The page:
Click Here!There are times when a films reputation precedes your viewing of it and you have no choice but to already make assumptions about it. Darren Aronofsky’s bleak and visually jarring Requiem for a Dream is one such film, which has had tons of praise heaped upon it over the years since its initial 2000 release. With several DVD editions already under its belt, a director’s cut Blu-ray release was bound to follow and Lionsgate presents the film with a DTS-HD Master Audio 7.1 track and a whole roster of bonus features.

Harry Goldfarb (Leto) and Marion Silver (Connelly) are lovers in Brooklyn with their version of the American dream, setting up a small business and spending the rest of their lives in love. The two are also desperate heroin addicts, a compulsion that darkens their lives. Harry’s mother, Sara Goldfarb (Burstyn), is addicted to television. One day she receives a call from her favorite show and learns that she has been selected to appear on an upcoming broadcast. When she can’t fit into her best red dress, her doctor prescribes diet pills, to which she swiftly and painfully becomes addicted. With its unflinching dissection of addiction, the film is a psychologically disturbing, visually captivating depiction of lost hope.

I love watching films as much as the next guy and I especially love finding older films that I’d not seen or passed on when they first came out, only to find out that I love them. I had hopes that Requiem would be such a film, as it promised to be a bit of a psychological thriller as well as something that many films had supposedly borrowed from. I strapped in for the film, eager that it might bestow upon me some glorious visuals and storyline and right from when that semi-famous intro music started (famous in my household, at least, as a version of it was used in the Lord of the Rings trailers), I was all ready to be blown away.

But it never happened. I kept waiting for the film to bestow upon me some mind bending visuals and crazy psychological goodies, but instead all I got were fishbowl camera angles and repetitious splices of footage. I guess in 2000 it was something unique and new, but I feel like I’ve seen those things so overused today, sometimes for comedy effect, so I honestly had no real particular enjoyment of what was going on—it just felt, to me, like something that kept slowing the film down.

The characters themselves were likeable enough, but all of them felt underutilized. I wondered if anything more would become of them, but, nope, they were all just drug addicts and their life went into the toilet because of it. I suppose that should be deeply saddening or moving, but I’m not sure what else I was supposed to glean from this film other than “drugs/addictions are bad, mmmkay.” It’s hammered into our skulls repeatedly and I kept waiting for some triumphant turn of the tables to make me rethink what I’d just seen. But then again this isn’t Memento, so I don’t know why I expected so much from this film.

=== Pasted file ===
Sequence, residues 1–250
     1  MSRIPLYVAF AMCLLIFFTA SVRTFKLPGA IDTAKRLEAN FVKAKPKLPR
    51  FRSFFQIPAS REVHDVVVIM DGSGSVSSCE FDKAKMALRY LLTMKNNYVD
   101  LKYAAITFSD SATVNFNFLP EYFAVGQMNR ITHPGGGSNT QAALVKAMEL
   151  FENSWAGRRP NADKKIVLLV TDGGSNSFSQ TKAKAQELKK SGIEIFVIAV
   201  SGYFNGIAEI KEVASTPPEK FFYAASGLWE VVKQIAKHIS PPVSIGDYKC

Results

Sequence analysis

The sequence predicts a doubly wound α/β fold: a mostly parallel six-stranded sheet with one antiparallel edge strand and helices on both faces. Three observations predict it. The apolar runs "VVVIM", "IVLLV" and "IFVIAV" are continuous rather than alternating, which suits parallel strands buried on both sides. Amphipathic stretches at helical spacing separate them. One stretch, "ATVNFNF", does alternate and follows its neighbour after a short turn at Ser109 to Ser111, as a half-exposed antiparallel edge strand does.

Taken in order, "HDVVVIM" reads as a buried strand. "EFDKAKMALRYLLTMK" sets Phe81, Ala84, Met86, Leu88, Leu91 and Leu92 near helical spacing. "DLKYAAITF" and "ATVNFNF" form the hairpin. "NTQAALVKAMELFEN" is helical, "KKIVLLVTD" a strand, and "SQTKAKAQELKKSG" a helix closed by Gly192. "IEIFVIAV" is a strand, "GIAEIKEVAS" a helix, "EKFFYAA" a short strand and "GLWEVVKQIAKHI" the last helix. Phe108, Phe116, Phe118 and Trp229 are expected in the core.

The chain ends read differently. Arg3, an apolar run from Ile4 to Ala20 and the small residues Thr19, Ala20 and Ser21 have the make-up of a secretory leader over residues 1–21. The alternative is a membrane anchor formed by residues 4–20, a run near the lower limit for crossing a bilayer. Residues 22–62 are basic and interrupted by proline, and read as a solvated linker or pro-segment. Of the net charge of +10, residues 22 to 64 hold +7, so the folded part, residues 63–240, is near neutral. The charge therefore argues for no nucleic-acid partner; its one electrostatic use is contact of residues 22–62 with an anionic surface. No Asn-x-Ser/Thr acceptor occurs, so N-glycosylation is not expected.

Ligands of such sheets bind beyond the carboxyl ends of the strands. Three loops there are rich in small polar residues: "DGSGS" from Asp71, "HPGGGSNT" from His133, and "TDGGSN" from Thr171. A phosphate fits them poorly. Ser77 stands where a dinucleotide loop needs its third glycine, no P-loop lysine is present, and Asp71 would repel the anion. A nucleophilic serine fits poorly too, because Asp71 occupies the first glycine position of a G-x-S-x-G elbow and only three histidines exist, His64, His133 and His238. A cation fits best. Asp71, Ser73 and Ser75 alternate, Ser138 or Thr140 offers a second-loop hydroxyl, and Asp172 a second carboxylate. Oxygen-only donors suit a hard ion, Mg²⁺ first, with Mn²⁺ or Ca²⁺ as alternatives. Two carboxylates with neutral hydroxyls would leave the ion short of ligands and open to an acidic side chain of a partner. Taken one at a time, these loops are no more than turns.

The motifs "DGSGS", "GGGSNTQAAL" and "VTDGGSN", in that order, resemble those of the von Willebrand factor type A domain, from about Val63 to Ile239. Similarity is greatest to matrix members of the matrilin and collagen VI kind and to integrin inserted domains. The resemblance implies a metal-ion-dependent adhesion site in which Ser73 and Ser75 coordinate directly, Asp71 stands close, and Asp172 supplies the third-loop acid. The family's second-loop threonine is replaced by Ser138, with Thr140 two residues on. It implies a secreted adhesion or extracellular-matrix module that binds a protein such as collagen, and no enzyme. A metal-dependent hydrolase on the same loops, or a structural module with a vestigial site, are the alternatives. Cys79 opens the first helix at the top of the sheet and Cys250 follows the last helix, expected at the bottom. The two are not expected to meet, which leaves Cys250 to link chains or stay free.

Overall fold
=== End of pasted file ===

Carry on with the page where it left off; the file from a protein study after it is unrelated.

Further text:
I will say that the final big collage of scenes together still remained as jarring and unsettling as I heard it was. I didn’t know quite how the film was going to end but that collaboration of scenes was such a huge mixture of disgusting visual images and shocking ones that it actually made one feel a bit queasy while watching it. Definitely shocking and at the same time it was obviously done solely for the shock value, but in the end it still worked.

Overall this film didn’t give me what I’d expected and really it’s kind of a one trick pony. It’s a film you either love or hate, as it gives you so little to take away from this film that it’s hard to take it as anything more than a hyperintense anti-drug ad. Yes, yes, I know that the mom was “addicted” to TV…whatever. It still all ended up being about the drugs and, on another level, the need for human contact and happiness. Sad and shocking, sure, but Requiem left me feeling more disappointed than anything. Worth a Rental if you have yet to see it…but I honestly got nothing out of watching this film (aside from some weird ass dreams).

The Blu-ray
Lionsgate brings Requiem For a Dream to Blu-ray in a standard Elite Blu case. Menus are a replica of the weight loss TV show with Christopher McDonald, complete with fuzzy old TV reception. Video is a VC-1 encoded transfer and there really was a surprising amount of detail to glean from this transfer, even if it was nine years old. The close up shots of the heroine and dilated eyes especially popped with detail and nothing really looks quite as horrible in 1080p as old TV signals blown up, which the film starts out with. It’s an ugly visual, but it works and kind of sets the tone for the film. The 7.1 DTS-HD MA track is also quite impressive, with dialogue centered in the front and a solid amount of surround effects tossed about, particularly during that mind-bending collage of sequences at the end.

Extras are all ported over from the previous DVD editions and include:

• Audio commentary by Director Darren Aronofsky
• Audio commentary by Director of Photography Matthew Libatique
• “The Making of Requiem for a Dream” documentary
• Deleted scenes with optional Director Commentary
• “Memories, Dreams and Addictions” – Ellen Burstyn interviews writer Hubert Selby Jr.
• Theatrical Trailers and TV Spots

These extras are all well worth checking out as they expand on the film and discuss it in great details. The commentaries especially are well worth checking out, although the piece with Ellen Burstyn is very interesting as well. Overall a Recommended release if you’re a fan of the film, especially since, as of this writing, it’s only $9.99 on Amazon. Cheap!

Requiem for a Dream is now available on Blu-ray.

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